Students produce interim CTC shows

Students+perform+short+plays+in+a+lab+theater+setting+this+weekend.+
Back to Article
Back to Article

Students produce interim CTC shows

Students perform short plays in a lab theater setting this weekend.

Students perform short plays in a lab theater setting this weekend.

Grace Swanson

Students perform short plays in a lab theater setting this weekend.

Grace Swanson

Grace Swanson

Students perform short plays in a lab theater setting this weekend.

Hang on for a minute...we're trying to find some more stories you might like.


Email This Story






This weekend, three teams of students will show off a month’s worth of work for this interim’s Calvin Theater Company performance. Rather than having a single show with a large cast and crew, the CTC board has decided to put on three one-act plays, each with their own small cast and crew. Each story is unique and varies in tone from the other two.

“If you’re not a theater person and not used to seeing productions and shows, it’s a fun way to get started,” says senior Taylor Hartman, the director of one of the shows. “The shows move at different speeds and are different content-wise… It’s like a nice little taste of the larger shows or things similar to it.”

The three shows cover a variety of genres and time periods. Senior Julia Verstraete directed “Tall Tales” from “The Kentucky Cycle,” a story set in 1890 that follows Mary Anne Rowen. Mary Anne is a naive young woman who learns a harsh lesson after falling for the charm of JT Wells, a manipulative man.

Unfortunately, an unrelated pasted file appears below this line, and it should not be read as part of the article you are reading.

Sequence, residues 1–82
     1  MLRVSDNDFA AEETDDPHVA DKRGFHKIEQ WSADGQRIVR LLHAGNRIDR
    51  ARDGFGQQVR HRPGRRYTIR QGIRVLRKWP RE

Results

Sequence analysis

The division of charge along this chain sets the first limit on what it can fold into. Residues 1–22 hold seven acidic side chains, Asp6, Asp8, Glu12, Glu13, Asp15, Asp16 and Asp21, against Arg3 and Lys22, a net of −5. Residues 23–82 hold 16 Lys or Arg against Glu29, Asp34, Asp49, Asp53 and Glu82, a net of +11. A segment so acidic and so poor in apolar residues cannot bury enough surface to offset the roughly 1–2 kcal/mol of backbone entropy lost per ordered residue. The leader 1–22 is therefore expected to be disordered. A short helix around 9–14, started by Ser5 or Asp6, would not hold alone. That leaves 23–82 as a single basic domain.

This story really resonated with me because it deals with a part of history that is not often talked about or taught,” Verstraete explained. “I think that Mary Anne realizes very quickly… that people are not inherently truthful and good. I think this is a realization that many people experience… as they grow up and learn more about the ‘real’ world.”

Junior Zachery Renaldo, on the other hand, has spun his show, “Closing Costs,” into more of a comedy. The show focuses on Harris, a man constantly on his iPad, and Alex, a bubbly real estate broker. Harris knows all about the apartment he’s buying; the cost, the dimensions, the location — but he doesn’t know what it looks like. Alex, though, is determined to make Harris experience the place for himself. Renaldo connected with the show’s message to enjoy life.

“I personally struggle with the problem of, y’know, actually being in reality every now and then,” he explained. “Working on this whole thing, it’s brought back to me personally, y’know, ‘Get off your phone, get off your screen, there’s a lot to look at.’”

Hartman hopes that her play, “The City,” will connect with the anxieties of upperclassmen ready to graduate. Our main character is Lynn, a high school teacher dealing with a house she has to herself after a recent divorce.

“I think that there’s a lot to learn as new and emerging adults, like with older college students,” explained Hartman. “Like, when you start to go out and choose where you wanna live. I think keeping the lessons and themes of the show in mind when you do that is interesting and would be beneficial.”

Each production challenged the three students. Although they have worked on CTC productions before, the one-month time crunch was a challenge to say the least. Add to that the restrictions of working within a class schedule, and the production crews had their work cut out for them getting everything done on time.

“It’s been a little more difficult since the entire thing is based around a class, so it’s been hard to coordinate schedules and all that kind of stuff,” Hartman recalled. While all three directors were part of the interim class that put these shows together, the actors include students from outside the course.